During that month, Railways will decide on passing on diesel price hike burden to passengers
Come October, rail commuters are likely to be served another dose of fare hike. During that month, the Railways will review the fuel adjustment component (FAC) and the burden arising from the rise in diesel and electricity costs will be passed on to passengers.
The increased freight rates, supplementary and reservation charges announced in the Railway budget for 2013-14 will come into effect on April 1.
Fares for animals and birds too have been raised by at least 25 per cent. Speaking at the National Editors Conference here on Saturday, Railway Board Chairman Vinay Mittal said the FAC would be next reviewed in October. Mr. Mittal said freight charges had been hiked (with effect from April 1) by 5.7 per cent, passing on the entire burden of Rs. 3,300 crore caused by the huge hike of Rs. 10.8 a litre of diesel for bulk purchasers.
The railways had absorbed the load on itself as the fares had been increased in January. In future both the fares and freight rates would be increased to offset the loss.
Oil marketing companies effected a second hike of Re. 1 for bulk purchasers after the Railway Budget was presented. Given the policy decision to pass it on to the consignors and consumers, the next hike in passenger and freight rates is bound to come in October.
In tune with the budget proposals, the Railways have notified the 5.7 per cent across-the-board freight rate hike with effect from April 1, which would yield Rs. 4,200 crore during the next fiscal.
Though the organisation claims it had absorbed the financial loss of about Rs. 800 crore on account of passenger trains, the fact is that the budget proposals increasing reservation fee and supplementary charges for trains, tatkal charges, and clerkage and cancellation charges would mop up more than Rs. 850 crore during 2013-14.
All these revisions have been notified and will be effective on journeys starting on April 1. As per the fine print of the circulars, the tatkal charges would be realised at the rate of 10 per cent of the basic fare for reserved second class sleeper and 30 per cent of the basic fare for all other classes subject to the minimum and maximum charges specified. The increase ranges from Rs. 15 to Rs. 100 depending upon the class.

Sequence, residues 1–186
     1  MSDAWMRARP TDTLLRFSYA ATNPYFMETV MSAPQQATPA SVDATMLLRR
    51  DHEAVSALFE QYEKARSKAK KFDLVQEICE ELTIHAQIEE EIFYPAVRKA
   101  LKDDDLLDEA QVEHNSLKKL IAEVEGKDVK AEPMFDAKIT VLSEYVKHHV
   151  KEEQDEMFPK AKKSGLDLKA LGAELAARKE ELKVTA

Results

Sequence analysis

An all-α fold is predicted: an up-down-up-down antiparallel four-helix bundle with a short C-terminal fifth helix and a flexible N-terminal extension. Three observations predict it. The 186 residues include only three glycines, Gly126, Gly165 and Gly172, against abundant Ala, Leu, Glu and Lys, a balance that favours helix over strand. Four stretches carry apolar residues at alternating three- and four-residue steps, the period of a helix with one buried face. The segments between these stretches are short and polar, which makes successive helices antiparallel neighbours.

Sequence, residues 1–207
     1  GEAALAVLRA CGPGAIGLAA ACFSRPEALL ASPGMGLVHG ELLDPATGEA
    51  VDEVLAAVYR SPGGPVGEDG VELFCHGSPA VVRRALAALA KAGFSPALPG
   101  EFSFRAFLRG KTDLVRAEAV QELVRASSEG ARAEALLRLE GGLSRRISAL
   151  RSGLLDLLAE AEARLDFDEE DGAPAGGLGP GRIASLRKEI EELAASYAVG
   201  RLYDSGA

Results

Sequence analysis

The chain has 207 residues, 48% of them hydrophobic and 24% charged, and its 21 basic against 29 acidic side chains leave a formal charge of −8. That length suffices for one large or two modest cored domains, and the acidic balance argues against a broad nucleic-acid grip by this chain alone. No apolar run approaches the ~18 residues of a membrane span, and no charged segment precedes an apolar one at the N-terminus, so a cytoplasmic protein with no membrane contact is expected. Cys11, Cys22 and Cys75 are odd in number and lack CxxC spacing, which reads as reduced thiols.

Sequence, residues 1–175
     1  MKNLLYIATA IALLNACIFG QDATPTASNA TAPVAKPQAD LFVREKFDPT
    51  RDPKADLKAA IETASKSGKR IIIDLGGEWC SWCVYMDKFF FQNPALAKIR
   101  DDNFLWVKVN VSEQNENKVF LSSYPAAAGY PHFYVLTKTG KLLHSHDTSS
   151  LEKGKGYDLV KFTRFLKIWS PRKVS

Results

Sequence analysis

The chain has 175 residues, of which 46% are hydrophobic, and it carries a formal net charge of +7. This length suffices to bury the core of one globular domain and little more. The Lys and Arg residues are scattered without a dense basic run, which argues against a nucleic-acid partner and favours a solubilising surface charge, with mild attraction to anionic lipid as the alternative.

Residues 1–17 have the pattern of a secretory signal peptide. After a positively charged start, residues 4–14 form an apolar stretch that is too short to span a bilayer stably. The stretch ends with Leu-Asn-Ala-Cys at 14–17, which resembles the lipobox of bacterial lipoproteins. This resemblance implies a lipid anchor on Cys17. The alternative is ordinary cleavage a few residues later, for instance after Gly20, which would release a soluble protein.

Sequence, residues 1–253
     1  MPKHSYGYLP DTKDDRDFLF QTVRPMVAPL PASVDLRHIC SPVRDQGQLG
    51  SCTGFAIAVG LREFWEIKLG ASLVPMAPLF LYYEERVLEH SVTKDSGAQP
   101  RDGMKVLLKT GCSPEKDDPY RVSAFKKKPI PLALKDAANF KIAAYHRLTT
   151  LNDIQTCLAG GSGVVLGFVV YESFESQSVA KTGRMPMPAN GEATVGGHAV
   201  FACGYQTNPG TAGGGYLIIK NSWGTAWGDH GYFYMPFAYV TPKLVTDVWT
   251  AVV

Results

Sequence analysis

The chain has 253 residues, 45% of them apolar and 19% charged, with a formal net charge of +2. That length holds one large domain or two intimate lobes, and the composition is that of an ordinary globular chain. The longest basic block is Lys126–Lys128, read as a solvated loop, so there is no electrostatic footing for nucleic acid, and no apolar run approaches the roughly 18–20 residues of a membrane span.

Second and sleeper classes have been spared from the hike in the reservation fees, while all other high-end passengers will have to shell out increased charges ranging from Rs. 15 to Rs. 35 a person.
Supplementary charges for superfast trains have been increased for all classes ranging from Rs. 5 to Rs. 25. Add to this increased clerkage charges of Rs. 5 for second class and Rs. 10 for all other classes.
Service tax will be levied separately on both the reservation fees and supplementary charges.
Cancellation charges too have been raised by Rs. 5 for second class, while others will have to bear additional burden ranging from Rs. 20 to Rs. 50.
Mr. Mittal said that due to paucity of funds, priority would be given to projects on the verge of completion or considered critical.
The emphasis was on improving the network in mountain States. Jammu and Kashmir, the north-east and Uttarakhand would get priority.
The Qazigund-Banihal section would be commissioned by May first week. The section would pierce the Pir Panjal Himalayan Ranges, thanks to the 11.2-km tunnel.
The Railways were in touch with the J&K government for issuing a composite rail-road ticket to facilitate hassle-free travel for passengers as a direct rail link between Jammu and Srinagar was yet to be put in place.
Trains operate only up to Udhampur and would be linked with Katra soon. But the stretch between Katra and Banihal is posing several engineering challenges.
Environmental clearance was holding up the progress in Sikkim, but work on laying the track up to Rangpo was in progress. In Manipur, work was affected by the economic blockade.
Acknowledging the strategic importance of extending the rail network right up to Tawang in Arunachal Pradesh, Financial Commissioner Vijaya Kanth said a survey had been undertaken.